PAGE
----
People in the United States have become accustomed to bubbles of late. The tech boom of the late 1990s convinced many—for a while, at least—that every company with a .com in the name was a can’t-lose proposition, regardless of whether it even had a business plan. And no one should need a history book to recall what happened when the last decade’s housing bubble finally burst in 2008.
Before that, though, the country went 70 years without the kind of asset bubble that can shake an economy. Even accomplished economists have been stunned by the volatile and seemingly irrational nature of the U.S. economy in recent years. But to observers who take a longer view of economic history, recent events haven’t been as much of a shock.
History is littered with the discarded dreams of those seduced by asset bubbles. The most famous historical bubble, of course, is the great tulip mania of 1630s Holland. But such events were fairly common in the 18th and 19th centuries. One less celebrated bubble, in 1720, involved the Mississippi Company, which was run by a Scottish financier named John Law and at one point controlled all French commerce outside of Europe.
The Mississippi Company was created to manage France’s holdings on either side of the Mississippi River. Law, who fled England after killing a man in a duel and then ran a gambling operation in Amsterdam before being appointed controller general of France, managed to sell large portions of the French population on the promises of the New World. But, as William Goetzmann, Edwin J. Beinecke Professor of Finance and Management Studies, explains in a lecture on the bubble, there wasn’t nearly enough economic activity in the territory to justify a run-up in the stock price of 1,900% in less than a year. Investors were speculating on the future value of the central part of the United States, Goetzmann said, at a time when “there might be 30 or 40 people in New Orleans but that’s about it”.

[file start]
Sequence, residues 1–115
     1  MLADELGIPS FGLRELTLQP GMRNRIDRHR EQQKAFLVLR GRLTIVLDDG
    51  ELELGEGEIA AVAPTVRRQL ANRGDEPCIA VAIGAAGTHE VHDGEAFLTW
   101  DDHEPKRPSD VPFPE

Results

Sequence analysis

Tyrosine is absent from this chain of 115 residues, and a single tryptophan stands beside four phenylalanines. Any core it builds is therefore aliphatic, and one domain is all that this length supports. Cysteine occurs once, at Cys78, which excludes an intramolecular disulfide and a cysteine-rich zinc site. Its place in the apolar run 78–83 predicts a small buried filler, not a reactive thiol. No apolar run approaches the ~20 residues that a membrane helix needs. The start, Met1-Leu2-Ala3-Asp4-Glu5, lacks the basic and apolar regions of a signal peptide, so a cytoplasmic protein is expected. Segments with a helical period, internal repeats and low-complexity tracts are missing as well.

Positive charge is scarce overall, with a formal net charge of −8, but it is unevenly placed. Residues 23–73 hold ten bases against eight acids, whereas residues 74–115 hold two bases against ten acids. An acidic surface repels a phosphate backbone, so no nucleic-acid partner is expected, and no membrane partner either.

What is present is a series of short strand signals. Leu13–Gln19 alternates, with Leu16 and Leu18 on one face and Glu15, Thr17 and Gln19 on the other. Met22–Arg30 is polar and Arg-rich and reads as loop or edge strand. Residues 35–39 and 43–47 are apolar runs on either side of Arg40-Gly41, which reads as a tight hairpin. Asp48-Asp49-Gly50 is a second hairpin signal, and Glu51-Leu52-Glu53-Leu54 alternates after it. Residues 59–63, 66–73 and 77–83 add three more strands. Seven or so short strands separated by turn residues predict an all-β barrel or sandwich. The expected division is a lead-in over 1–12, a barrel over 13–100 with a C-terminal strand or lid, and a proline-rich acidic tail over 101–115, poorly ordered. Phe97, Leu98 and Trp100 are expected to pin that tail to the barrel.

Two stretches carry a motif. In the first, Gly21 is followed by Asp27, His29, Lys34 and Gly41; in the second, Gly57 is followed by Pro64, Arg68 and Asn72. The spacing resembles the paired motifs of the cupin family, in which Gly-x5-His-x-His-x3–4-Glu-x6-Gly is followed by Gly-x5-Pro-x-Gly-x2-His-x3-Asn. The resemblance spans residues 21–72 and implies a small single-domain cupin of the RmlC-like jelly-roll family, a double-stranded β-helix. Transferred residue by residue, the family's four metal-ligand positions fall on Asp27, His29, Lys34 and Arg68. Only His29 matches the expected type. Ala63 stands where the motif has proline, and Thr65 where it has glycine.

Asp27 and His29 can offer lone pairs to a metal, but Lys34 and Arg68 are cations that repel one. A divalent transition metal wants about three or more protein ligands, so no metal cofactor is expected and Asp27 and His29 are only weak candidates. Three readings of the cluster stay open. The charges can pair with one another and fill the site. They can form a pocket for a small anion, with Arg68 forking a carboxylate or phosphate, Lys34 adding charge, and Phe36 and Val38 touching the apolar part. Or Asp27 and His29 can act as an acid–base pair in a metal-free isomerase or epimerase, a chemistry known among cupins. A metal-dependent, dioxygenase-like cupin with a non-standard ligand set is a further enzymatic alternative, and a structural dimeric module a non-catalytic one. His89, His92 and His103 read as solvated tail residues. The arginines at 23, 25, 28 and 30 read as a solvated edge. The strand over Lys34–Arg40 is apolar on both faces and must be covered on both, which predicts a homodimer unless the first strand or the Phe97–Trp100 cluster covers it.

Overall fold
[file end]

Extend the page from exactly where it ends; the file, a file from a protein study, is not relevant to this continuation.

The story of John Law, the Mississippi Company, and the first stock bubble, Goetzmann said, can give us a better understanding of the forces and tendencies that underpin what can seem like nothing more than collective insanity. “He understood how much people loved gambling,” Goetzmann said of Law. “He understood that if you give somebody the dream of being able to make 10 times, 15 times, 20 times their money, they’ll be willing to accept something that maybe had a low dividend. This was the electric spark that got the whole idea of stock speculation going.”